Accept her counsel, quit this coast
With only one short lustrum lost,
Nor longer let the tuneful strain
On foreign ears be poured in vain ;
The wreath which on thy brow should live,
Britannia's hand alone can give.
Meanwhile for Bertie * Fate prepares
A mingled wreath of joys and cares,
When politics and party-rage
Shall strive such talents to engage,
And call him to control the great,
And fix the nicely balanced state ;
Till charming Anna's gentler mind,
For storms of faction ne'er designed,
Shall think with pleasure on the times
When Arno listened to his rhymes,
And reckon among Heaven's best mercies
Our Piozzi's voice, and Parson's verses.
Thou, too, who oft has strung the lyre
To liveliest notes of gay desire,
No longer seek these scorching flames,
And trifle with Italian dames,
But baste to Britain's chaster isle,
Receive some fair one's virgin smile,
Accept her vows, reward her truth,
And guard from ills her artless youth.
* Mr. Greatheed. She describes him as completely under the influence of his wife, the charming Anna.
Keep her from knowledge of the crimes
That taint the sweets of warmer climes,
But let her weaker bloom disclose
The beauties of a hothouse rose,
Whose leaves no insects ever haunted,
Whose perfume but to one is granted ;
Pleased with her partner to retire,
And cheer the safe domestic fire.
While I – who, half-amphibious grown,
Now scarce call any place my own —
Will learn to view with eye serene
Life's empty plot and shifting scene,
And trusting still to Heaven's high care,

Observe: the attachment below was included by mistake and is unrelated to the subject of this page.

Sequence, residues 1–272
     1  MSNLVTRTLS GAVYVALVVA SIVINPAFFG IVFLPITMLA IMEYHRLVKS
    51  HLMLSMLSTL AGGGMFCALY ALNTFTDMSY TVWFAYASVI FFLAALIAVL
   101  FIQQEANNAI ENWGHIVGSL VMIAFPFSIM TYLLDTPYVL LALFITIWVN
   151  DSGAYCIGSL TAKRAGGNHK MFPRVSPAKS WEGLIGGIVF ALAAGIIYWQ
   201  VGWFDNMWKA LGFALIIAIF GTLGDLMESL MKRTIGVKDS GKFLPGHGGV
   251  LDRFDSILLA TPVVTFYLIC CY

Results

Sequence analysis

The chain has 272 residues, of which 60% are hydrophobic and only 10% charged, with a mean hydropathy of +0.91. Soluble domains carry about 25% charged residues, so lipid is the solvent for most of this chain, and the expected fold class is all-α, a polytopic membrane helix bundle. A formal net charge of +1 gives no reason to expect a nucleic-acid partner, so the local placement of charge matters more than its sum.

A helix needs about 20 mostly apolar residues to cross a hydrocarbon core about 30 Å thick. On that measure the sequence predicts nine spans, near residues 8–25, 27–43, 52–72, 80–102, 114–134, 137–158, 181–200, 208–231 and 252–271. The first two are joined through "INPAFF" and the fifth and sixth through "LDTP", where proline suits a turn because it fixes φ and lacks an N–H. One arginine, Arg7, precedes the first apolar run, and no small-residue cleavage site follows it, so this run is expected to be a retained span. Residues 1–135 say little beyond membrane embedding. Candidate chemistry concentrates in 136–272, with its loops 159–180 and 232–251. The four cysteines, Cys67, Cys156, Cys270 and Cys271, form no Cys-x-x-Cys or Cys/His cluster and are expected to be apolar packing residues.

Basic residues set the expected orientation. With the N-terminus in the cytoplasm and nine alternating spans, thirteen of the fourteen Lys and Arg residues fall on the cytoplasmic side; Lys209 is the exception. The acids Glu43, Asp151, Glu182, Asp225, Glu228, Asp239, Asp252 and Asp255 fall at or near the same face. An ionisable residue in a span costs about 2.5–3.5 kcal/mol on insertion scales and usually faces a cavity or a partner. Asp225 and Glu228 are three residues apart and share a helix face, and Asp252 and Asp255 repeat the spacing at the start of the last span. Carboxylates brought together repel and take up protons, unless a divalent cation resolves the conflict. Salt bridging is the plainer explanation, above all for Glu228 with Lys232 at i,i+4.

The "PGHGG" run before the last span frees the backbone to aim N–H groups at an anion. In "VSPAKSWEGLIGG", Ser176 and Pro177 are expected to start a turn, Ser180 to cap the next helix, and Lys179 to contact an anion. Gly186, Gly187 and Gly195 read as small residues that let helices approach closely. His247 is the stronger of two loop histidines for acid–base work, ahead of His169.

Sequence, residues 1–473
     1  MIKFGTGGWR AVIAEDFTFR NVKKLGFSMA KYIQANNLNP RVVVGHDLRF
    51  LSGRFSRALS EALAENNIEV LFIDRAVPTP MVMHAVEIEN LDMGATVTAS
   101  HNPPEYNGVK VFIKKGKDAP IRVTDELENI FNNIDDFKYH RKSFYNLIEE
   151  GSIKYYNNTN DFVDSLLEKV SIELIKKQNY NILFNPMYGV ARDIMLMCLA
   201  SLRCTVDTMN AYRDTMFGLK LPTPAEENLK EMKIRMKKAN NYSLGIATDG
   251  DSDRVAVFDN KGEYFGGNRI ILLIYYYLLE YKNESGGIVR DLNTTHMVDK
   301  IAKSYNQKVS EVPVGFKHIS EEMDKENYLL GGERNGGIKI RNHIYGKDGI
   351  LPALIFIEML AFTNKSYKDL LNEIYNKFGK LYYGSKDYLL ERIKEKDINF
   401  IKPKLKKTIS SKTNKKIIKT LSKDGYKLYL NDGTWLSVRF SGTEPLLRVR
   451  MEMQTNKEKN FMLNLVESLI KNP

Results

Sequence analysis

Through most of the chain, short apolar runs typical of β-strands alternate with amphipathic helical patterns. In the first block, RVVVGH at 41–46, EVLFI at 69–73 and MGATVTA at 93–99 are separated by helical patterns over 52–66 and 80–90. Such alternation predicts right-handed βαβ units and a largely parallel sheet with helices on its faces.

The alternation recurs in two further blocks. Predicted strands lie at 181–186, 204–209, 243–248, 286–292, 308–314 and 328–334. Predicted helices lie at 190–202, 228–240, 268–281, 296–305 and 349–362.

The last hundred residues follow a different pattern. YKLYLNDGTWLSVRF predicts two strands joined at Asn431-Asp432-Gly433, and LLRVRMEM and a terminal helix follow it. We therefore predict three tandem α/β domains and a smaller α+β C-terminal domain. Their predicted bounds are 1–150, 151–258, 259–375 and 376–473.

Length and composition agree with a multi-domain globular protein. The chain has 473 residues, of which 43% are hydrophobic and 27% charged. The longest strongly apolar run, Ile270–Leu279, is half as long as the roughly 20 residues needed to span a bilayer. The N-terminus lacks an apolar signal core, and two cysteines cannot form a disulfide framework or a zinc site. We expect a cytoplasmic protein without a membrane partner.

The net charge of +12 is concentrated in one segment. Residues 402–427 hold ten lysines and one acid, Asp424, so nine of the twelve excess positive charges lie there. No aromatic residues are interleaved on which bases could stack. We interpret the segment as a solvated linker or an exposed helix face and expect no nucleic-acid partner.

Fix my firm habitation there;
'T was thus the Grecian sage of old,
As by Herodotus we're told,
Accused by them who sat above,
As wanting in his country's love -
“ 'Tis that,” cried he,“ which most I prize,"
And, pointing upwards, shewed the skies.
Society! gregarious dame ! *
Who knows thy favored baunts to name?
Whether at Paris you prepare
The supper and the chat to share,
While fixed in artificial row,
Laughter displays its teeth of snow;
Grimace with raillery, rejoices,
And song of many mingled voices,
Till young coquetry's artful wile
Some foreign novice shall beguile,
Who home returned, still prates of thee,
Light, flippant, French Society.
Or whether, with your zone unbound,
You ramble gaudy Venice round,
Resolved the inviting sweets to prove,
Of friendship warm, and willing love;
Where softly roll th' obedient seas,
Sacred to luxury and ease,
In coffee-house or casino gay
Till the too quick return of day,
Th’ enchanted votary who sighs
For sentiments without disguise,
Clear, unaffected, fond, and free,
In Venice finds Society.
Or if to wiser Britain led,
Your vagrant feet desire to tread * See ante, p. 137. Moore has substituted Posterity for Society. His reports of conversations are both meagre and inaccurate. Thus (Vol. III. p. 196) he says: “In talking of letters being charged by weight, he (Canning) said the post-office once refused to carry a letter of Sir J. Cox Hippesley's, it was so dull.” Canning said “so heavy"; the letter being the worthy baronet's printed letter against Catholic Emancipation.